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Why Some Young Athletes Suffer Cardiac Arrest

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University Hospitals Rainbow Babies & Children'sExperts in Children's Health
A male athlete holds his chest in pain while running outdoors

When Bronny James, the 18-year-old son of NBA star LeBron James, collapsed from cardiac arrest while practicing at the University of Southern California, it brought renewed attention to a leading cause of sports-related deaths in young athletes.

Sudden cardiac arrest in young athletes is rare. It’s estimated that 1 in 40,000 to 1 in 80,000 young athletes die from sudden cardiac arrest every year.

It often happens without warning. Most cases of sudden cardiac arrest in young athletes are due to underlying heart conditions that are genetic and go unrecognized, says Ivan Cakulev, MD, a cardiac electrophysiologist at University Hospitals Harrington Heart & Vascular Institute.

“Younger athletes can undergo medical screenings, but there’s no guarantee screenings can predict the risk of sudden cardiac arrest,” Dr. Cakulev says.

What is Sudden Cardiac Arrest?

Sudden cardiac arrest is an electrical malfunction that causes the heart to stop abruptly. It’s different than a heart attack, which is a circulatory problem caused by a blocked artery.

Sudden cardiac arrest causes the person to lose consciousness and stop breathing. It’s frequently called sudden cardiac death because many patients don’t survive. Quick response with CPR and especially with an automated external defibrillator is critical to restoring the heart rhythm.

What’s the Cause?

A number of conditions can elevate risk of sudden cardiac arrest in young athletes:

  • A genetic disorder called hypertrophic cardiomyopathy (thickened heart muscle) is the most common cause.
  • Inherited or congenital conditions of the heart or blood vessels that can reduce blood flow or affect the heart’s electrical impulses. A follow-up evaluation of Bronny James showed that a congenital heart defect likely caused his cardiac arrest.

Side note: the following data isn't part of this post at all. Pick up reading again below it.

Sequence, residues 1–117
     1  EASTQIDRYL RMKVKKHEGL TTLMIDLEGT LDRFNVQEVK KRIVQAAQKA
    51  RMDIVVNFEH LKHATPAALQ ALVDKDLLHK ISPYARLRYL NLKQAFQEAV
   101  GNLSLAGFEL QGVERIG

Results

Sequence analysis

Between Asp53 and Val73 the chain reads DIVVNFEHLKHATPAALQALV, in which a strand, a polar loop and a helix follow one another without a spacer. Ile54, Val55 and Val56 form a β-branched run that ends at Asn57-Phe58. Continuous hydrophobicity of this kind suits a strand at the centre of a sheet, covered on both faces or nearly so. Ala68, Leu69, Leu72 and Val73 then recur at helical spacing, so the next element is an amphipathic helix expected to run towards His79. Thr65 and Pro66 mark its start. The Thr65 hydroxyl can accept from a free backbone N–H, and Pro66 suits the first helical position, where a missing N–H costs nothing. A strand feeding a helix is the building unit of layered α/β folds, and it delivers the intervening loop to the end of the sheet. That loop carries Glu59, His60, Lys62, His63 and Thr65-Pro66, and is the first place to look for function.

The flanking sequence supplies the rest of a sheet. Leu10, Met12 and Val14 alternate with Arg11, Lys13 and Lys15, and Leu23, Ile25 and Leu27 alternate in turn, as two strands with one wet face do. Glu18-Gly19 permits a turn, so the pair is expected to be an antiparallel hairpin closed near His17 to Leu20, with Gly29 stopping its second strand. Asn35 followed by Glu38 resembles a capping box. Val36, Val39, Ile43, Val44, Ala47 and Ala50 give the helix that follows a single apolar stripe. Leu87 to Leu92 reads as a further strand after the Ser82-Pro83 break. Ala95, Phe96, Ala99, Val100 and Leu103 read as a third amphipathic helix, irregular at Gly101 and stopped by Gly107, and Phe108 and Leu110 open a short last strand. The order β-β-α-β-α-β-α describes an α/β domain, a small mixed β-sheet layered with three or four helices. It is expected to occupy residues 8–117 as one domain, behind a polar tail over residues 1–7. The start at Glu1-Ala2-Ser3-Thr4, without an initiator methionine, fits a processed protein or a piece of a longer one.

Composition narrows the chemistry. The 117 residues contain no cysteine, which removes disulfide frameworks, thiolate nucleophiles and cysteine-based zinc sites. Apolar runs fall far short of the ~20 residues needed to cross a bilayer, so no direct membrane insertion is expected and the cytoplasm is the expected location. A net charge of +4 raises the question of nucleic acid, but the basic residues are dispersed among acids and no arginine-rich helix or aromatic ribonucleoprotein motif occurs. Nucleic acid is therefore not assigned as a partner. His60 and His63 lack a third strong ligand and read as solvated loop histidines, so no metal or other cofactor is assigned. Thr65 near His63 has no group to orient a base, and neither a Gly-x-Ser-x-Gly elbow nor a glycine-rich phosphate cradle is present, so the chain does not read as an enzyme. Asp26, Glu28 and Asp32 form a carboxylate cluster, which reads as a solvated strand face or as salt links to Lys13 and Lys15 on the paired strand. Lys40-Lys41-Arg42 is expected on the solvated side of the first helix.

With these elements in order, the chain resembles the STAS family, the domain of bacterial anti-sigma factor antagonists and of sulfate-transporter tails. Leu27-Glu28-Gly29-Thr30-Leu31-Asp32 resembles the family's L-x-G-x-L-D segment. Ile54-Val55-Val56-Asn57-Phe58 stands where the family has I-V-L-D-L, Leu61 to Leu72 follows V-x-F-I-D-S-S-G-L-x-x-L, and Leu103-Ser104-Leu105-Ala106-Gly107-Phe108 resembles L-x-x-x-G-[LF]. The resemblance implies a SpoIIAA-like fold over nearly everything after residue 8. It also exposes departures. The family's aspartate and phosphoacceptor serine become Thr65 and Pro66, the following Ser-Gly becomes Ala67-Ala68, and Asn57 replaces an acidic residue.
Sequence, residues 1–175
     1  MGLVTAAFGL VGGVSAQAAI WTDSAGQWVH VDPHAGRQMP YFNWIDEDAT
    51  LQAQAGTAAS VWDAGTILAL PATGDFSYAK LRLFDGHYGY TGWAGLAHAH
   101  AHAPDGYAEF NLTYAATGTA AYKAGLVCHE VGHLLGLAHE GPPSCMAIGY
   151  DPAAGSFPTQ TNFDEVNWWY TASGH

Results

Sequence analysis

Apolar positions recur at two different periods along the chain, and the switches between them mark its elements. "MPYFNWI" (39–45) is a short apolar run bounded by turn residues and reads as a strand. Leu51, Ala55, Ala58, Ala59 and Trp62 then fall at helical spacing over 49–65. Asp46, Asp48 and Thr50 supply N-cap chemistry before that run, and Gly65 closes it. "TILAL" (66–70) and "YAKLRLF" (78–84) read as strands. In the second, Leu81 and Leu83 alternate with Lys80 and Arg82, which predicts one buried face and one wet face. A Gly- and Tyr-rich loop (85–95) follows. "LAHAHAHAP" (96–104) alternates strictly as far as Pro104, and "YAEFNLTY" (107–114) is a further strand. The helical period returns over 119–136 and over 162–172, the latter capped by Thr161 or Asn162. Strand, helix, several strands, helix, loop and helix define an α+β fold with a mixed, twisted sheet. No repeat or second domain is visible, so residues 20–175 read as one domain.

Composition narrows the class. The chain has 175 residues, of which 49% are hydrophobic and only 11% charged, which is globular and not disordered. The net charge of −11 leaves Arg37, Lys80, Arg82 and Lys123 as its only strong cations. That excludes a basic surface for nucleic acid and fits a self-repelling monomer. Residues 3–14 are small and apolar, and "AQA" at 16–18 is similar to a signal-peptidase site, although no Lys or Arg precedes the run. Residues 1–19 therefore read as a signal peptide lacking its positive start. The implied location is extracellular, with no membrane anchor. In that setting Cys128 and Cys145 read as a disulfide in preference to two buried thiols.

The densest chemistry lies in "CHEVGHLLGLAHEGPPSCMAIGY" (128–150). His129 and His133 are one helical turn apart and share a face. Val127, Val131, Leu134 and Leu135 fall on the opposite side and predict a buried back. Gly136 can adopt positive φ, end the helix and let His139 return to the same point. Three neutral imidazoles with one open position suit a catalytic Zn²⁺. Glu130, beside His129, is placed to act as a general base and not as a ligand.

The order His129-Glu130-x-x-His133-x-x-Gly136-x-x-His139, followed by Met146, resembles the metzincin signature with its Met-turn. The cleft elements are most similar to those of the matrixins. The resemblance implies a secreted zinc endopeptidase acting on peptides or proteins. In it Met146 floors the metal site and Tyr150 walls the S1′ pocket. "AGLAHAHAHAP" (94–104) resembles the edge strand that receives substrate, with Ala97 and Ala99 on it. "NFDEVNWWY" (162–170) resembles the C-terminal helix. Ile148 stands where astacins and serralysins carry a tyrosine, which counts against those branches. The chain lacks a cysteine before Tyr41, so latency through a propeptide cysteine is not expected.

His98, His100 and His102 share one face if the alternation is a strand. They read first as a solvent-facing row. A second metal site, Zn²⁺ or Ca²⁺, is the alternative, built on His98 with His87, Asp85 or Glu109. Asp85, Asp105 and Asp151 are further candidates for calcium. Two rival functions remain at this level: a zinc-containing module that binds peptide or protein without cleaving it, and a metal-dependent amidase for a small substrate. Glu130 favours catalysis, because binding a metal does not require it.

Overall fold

• A blow to the chest that occurs at a particular point in the heartbeat cycle may cause the heart to stop, a condition called commotio cordis.

Who is At Risk?

Male athletes are at higher risk than female athletes and Black athletes are at higher risk than athletes of other racial groups. It’s also more common in basketball and football than other sports.

Are There Warning Signs?

Often there are no warning signs, but sometimes athletes may experience symptoms during physical exertion:

  • Dizziness
  • Shortness of breath
  • Chest pain
  • Unexplained fainting

How To Identify Athletes at Risk?

A thorough pre-participation medical exam is crucial, says Robert Flannery, MD, of the University Hospitals Drusinsky Sports Medicine Institute.

“A good pre-participation exam will cover questions about personal and family history, shortness of breath, feeling more tired than peers from the same workout and skipped or racing heartbeats,” Dr. Flannery says.

Family history of sudden cardiac arrest increases chances that a young athletes may have a similar heart problem. The American Heart Association and American College of Cardiology recommend a 14-item screening checklist that covers personal health, family history and potential symptoms during exercise.

An electrocardiogram can detect some heart problems that may put an athlete at risk, but they are not a good predictor of sudden cardiac arrest and are not recommended as routine screening.

Related Links

University Hospitals Harrington Heart & Vascular Institute is dedicated to providing the highest quality care for all patients.

The Congenital Heart Collaborative at University Hospitals Rainbow Babies & Children’s Hospital features a nationally recognized team of pediatric heart specialists including pediatric cardiothoracic surgeons and pediatric cardiologists.

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